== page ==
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Caravan heating systems: A quick guide to caravanning warmth


Winter is coming and you’ll be glad of a decent caravan heating system if you’re out touring. Here’s how the different systems work.

Three makes of heating system are used in caravans. Two of them heat the living space by generating warm air. The air is then pumped through circular vent holes close to floor level. These are the Truma and Whale systems.

Of these, Truma is the more commonly found, especially among used caravans.

The third system is made by Alde and is considered the best of the three. It is like a domestic central heating system and uses liquid-fed radiators to heat the interior.

Truma’s caravan heating systems

Truma Combi heating system

The latest Truma Combi system provides both water and space heating. It can be powered by gas or electricity or a combination of both.

The Truma blown-air heating system works by, you guessed it, blowing hot air. The original Truma heaters were single-unit gas fires. These have evolved into today’s Combi 4 and Combi 6 models.

These run on gas or electricity, or a combination of both, and send hot air throughout a caravan via a series of ducts and vents.

The ‘Combi’ part of the unit’s name refers to the fact it is also a water heater. The Truma Combi can heat its 10-litre water tank from 15 degrees Celsius to 60 degrees Celsius in under half an hour. It can also be used independently of the space heating system.

The Combi 4 is installed in small to medium-sized caravans and the Combi 6 is featured in larger models. The difference between the two models is the Combi 4 will operate on 2kW or 4kW in gas mode or 900/1,800W on electricity only.

The Combi 6, however, operates at two, four or 6kW in gas mode and the same 900/1,800W on mains electricity.

Whilst most will choose to use their heater in 230V electric mode only, to save gas, you can heat up your caravan much faster with the added power of the gas system, making it ideal for use in colder weather.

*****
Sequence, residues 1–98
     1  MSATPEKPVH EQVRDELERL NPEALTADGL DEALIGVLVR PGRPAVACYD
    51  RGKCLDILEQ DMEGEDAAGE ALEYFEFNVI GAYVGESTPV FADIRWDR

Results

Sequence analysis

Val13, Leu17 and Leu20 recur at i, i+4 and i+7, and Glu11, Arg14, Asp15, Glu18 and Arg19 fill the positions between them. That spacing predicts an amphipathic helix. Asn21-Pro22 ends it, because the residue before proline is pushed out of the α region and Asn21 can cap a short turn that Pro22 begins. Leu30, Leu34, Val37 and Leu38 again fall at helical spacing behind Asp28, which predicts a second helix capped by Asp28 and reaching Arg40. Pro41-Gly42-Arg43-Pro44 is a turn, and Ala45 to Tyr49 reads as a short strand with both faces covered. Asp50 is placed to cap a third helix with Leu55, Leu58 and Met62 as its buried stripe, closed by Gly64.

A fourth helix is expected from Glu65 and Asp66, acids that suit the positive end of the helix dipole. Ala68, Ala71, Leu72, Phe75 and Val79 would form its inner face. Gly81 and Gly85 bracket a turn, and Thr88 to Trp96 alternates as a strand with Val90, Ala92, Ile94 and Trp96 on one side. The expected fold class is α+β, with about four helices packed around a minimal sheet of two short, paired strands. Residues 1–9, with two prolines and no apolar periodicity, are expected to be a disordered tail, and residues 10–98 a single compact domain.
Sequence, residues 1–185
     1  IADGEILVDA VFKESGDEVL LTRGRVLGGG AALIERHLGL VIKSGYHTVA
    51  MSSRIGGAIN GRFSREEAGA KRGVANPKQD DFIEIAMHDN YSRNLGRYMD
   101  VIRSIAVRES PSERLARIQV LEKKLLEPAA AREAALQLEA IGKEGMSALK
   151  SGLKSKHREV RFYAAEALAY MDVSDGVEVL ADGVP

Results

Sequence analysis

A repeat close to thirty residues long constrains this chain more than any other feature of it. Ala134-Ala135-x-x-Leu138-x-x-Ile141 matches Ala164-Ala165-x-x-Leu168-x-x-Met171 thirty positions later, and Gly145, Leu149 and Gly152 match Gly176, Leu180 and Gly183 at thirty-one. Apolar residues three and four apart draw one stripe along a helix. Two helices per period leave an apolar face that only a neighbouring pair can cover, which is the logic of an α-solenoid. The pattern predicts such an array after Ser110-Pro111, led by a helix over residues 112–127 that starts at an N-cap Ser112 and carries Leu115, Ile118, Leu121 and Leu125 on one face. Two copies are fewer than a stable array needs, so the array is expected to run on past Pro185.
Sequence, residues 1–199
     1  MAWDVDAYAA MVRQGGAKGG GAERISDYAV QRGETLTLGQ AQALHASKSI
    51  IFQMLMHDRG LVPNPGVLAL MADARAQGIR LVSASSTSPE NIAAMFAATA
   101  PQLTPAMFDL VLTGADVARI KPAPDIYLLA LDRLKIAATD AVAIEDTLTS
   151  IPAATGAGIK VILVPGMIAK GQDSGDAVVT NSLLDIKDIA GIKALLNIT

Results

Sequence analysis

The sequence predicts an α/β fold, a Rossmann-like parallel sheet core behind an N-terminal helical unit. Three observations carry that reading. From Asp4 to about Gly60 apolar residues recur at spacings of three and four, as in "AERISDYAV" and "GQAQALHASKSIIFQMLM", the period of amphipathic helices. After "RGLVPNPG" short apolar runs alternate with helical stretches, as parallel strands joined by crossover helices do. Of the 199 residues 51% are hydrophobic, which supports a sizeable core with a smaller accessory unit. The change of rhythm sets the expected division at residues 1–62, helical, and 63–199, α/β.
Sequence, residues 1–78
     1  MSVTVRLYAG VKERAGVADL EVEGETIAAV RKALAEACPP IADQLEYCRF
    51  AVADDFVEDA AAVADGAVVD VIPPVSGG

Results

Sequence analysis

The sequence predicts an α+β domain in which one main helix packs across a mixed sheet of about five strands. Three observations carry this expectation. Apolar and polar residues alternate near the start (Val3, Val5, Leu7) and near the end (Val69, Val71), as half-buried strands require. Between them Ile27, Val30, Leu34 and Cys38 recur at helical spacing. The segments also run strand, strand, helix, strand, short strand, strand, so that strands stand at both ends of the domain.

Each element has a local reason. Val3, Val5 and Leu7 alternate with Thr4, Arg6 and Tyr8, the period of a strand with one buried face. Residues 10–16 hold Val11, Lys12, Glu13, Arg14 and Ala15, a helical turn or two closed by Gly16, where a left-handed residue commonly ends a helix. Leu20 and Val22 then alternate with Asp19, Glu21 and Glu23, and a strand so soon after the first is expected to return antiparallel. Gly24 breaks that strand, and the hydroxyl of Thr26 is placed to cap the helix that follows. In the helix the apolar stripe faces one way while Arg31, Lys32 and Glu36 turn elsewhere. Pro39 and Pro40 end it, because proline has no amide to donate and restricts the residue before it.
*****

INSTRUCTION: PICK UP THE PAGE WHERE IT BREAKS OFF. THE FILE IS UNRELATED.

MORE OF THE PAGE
Caravans fitted with the Truma Combi system include Bailey’s Discovery, Phoenix and Pegasus Grande ranges.


Whale control panels

Whale makes both space and water heaters, which use gas and mains electricity separately or a combination of both for rapid warm-up. The warmed air is ducted around the caravan.

The Whale space heating system is like the Truma system. It uses blown air to heat a caravan but Whale’s system is mounted under the floor of the caravan. Its design features a weatherproof outer shell.

Not only is the space heater underslung but the hot water system is also hidden away. This design means you gain the locker/underseat space normally taken up by a heater and hot water tank.

Among caravan ranges fitted with Whale systems are the Elddis Avanté and Xplore.


Alde heating system

The Alde system heats the caravan by means of hot liquid. It’s a radiant, hydronic system like those used in domestic houses. The system also heats the water for showers, sinks and basins. Heated towel rails — again, domestic — are in the shower rooms of many caravans with this system.

Radiators are fitted behind furniture, so warm air rises from behind backrests. The system draws cool air from floor level, heating it so it rises to ceiling height. As it cools, the air moves downwards and is then drawn into the system and heated again, creating air circulation.

The result is an even warmth, with no hot or cold areas — just like a heating system in a house. It’s efficient, especially in low temperatures. That's why caravans with Alde heating are preferred by those who go caravanning all year.

Caravans with Alde heating has risen steadily over the past few years, fuelled by demand; more and more caravanners are choosing to use their caravans at all times of the year, whereas once the pursuit of caravanning was largely confined to what was accepted as ‘the caravanning season’, between March and the end of October.

That’s not to say that Truma and Whale heating systems aren’t ideal for winter caravanning of course; they are both efficient, but the general perception is the even distribution of heat provided by the Alde system is preferred by buyers who want domestic-style central heating in their caravans and use them in winter.

Alde’s heating system is sometimes referred to as the ‘wet’ system, as the fluid is heated and pumped around a series of convectors positioned under the furniture of a caravan. This produces a home-style feeling because the fabric of the caravan is warmed, rather than just the air.

The Alde system is a combi boiler, simultaneously heating the central heating fluid and hot water.

The current model, the 3020, can produce a maximum output of 8.7kW of heat when used on gas and electricity together. With gas only, it delivers 5.5kW and on electricity 3.2kW. Its hot water system will heat the 8.4-litre tank to 50 degrees Celsius in 30 minutes, using the ‘boost’ setting.

Among new ranges, 30 of Swift Group’s 41 models are now heated by Alde as standard, and 22 of the Erwin Hymer Group’s 40 models have Alde heating. Six of Slovenian manufacturer Adria’s 11 models imported into Britain now have Alde heating.

For 2020, Coachman is the first manufacturer to fit Alde heating throughout its range.

You don’t need to be a technical wizard with caravan heating systems. But, it is good to understand the differences between systems available.

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27/11/2019 Share this story   Share on Facebook icon Share on Twitter icon Share on Pinterest icon Share on Google Plus icon Share on Linked In icon Share via Email icon

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